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Conservation of angular momentum and energy

  1. Nov 29, 2004 #1

    StatusX

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    if you have a spinning body, and then its shape changes so that the moment of inertia changes, what happens? If angular velocity is conserved, since theres no net torque, then it spins a different speed, but the same direction. But then has the rotational kinetic energy changed? And if so, does this mean the excess kinetic energy must take the form of translational motion? Does it matter if the change in shape was symmetrical?
     
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  3. Nov 29, 2004 #2

    pervect

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    Consider a very simple example - two weights connected by a cord spinning around their common center.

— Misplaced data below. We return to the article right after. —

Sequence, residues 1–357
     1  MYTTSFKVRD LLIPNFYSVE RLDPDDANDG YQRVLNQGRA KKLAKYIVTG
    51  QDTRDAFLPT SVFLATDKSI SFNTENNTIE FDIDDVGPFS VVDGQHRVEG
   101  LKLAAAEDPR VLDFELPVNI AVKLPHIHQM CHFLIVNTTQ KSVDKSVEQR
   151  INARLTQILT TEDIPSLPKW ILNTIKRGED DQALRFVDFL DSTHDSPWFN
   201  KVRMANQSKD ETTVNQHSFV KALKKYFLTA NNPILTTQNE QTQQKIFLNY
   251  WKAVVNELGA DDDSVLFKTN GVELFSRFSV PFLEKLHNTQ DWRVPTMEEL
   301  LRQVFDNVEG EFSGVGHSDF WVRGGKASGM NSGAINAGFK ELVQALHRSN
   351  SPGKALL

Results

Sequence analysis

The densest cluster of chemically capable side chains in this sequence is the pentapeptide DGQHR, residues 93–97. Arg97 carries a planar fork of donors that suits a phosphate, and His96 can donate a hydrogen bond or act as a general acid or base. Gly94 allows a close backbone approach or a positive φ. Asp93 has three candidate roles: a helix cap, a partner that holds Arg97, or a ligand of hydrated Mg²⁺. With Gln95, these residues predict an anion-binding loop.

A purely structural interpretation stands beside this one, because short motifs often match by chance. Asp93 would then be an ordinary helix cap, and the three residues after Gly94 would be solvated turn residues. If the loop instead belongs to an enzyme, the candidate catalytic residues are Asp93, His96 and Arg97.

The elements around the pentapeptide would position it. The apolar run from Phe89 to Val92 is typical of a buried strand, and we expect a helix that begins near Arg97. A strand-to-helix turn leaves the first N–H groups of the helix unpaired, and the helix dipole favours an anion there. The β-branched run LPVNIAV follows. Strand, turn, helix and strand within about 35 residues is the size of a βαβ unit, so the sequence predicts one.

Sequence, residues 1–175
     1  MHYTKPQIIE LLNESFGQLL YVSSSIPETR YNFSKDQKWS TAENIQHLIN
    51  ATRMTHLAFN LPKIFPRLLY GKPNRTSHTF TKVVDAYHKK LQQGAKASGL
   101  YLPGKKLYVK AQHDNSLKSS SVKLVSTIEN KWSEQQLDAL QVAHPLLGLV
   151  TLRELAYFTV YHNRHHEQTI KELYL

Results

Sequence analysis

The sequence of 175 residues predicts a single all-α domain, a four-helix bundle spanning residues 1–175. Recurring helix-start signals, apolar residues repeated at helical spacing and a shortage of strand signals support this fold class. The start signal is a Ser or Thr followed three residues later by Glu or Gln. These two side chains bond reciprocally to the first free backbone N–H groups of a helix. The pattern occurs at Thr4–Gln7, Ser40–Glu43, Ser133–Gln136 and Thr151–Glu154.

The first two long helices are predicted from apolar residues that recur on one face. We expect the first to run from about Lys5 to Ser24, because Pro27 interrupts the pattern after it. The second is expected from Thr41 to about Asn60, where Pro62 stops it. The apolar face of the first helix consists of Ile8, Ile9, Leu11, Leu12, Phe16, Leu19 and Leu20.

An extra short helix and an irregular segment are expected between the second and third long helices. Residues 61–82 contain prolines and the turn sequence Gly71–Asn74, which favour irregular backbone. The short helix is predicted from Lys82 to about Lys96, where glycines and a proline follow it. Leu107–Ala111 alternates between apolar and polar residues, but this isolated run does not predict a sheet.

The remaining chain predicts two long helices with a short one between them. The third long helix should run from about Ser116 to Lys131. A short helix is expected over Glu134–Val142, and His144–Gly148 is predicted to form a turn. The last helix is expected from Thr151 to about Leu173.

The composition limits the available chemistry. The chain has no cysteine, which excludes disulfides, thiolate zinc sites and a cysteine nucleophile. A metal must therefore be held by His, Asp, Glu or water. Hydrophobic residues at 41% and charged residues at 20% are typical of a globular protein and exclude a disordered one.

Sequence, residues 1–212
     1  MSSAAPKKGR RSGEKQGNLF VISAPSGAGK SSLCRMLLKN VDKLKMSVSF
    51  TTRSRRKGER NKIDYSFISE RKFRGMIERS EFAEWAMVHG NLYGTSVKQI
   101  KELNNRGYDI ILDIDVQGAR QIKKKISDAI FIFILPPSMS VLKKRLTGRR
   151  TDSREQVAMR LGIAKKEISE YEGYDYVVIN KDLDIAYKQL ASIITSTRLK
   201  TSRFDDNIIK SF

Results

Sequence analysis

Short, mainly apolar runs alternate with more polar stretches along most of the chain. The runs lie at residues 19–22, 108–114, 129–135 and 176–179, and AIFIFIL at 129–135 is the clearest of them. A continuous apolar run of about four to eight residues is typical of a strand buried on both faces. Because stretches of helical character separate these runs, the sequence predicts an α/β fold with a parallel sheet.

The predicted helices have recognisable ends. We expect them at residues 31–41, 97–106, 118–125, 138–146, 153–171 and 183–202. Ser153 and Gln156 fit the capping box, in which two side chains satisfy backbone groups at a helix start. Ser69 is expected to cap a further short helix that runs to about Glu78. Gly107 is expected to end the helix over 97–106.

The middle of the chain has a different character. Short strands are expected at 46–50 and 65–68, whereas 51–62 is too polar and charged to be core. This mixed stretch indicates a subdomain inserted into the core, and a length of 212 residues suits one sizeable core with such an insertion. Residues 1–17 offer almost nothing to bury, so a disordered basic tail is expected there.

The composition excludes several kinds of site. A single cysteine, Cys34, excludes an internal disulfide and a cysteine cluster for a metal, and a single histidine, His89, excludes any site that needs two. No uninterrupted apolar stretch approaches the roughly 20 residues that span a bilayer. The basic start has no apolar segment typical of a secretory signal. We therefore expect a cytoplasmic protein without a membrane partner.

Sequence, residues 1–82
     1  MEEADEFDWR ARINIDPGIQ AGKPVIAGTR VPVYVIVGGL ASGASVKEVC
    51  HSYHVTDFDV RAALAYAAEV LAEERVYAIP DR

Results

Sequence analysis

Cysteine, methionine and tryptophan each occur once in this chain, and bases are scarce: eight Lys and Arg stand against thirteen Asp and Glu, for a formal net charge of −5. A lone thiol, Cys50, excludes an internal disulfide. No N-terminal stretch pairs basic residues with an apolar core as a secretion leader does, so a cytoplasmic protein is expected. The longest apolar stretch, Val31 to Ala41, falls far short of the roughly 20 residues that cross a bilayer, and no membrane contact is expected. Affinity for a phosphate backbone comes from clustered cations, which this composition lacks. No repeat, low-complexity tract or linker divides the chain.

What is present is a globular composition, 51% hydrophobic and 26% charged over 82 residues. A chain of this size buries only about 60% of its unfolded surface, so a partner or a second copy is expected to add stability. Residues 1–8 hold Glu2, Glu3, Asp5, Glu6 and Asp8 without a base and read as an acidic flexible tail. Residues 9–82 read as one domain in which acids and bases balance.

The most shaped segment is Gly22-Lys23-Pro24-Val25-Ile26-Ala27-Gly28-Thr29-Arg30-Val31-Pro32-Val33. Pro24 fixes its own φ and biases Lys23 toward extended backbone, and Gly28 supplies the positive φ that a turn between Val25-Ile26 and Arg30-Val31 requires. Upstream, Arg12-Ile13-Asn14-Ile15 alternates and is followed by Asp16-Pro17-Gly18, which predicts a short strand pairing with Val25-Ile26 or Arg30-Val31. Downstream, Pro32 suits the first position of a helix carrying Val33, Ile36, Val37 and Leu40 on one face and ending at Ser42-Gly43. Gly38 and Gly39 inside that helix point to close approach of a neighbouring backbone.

If you pull the weights in, it will require work to do so. (The easiest way to see this is to go to a non-inertial frame that's corotating with the weights, and consider the centrifugal force). Similarly, if you let the weights go out, work will be generated and must be dissipated (perhaps by friction).

    Energy and angular momentum will both be conserved.
     
  4. Nov 29, 2004 #3

    arildno

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    The (instantaneous) angular velocity may well change its direction, since (for one) we cannot assume that the shapechange does not affect the inertial tensor (with respect to the C.M).
    The angular momentum, remains, however, constant.
     
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